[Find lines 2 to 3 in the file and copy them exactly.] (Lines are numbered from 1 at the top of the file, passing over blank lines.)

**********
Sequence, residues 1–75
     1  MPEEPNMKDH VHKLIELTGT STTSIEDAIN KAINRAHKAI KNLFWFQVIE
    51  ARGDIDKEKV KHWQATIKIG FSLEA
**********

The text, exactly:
     1  MPEEPNMKDH VHKLIELTGT STTSIEDAIN KAINRAHKAI KNLFWFQVIE
    51  ARGDIDKEKV KHWQATIKIG FSLEA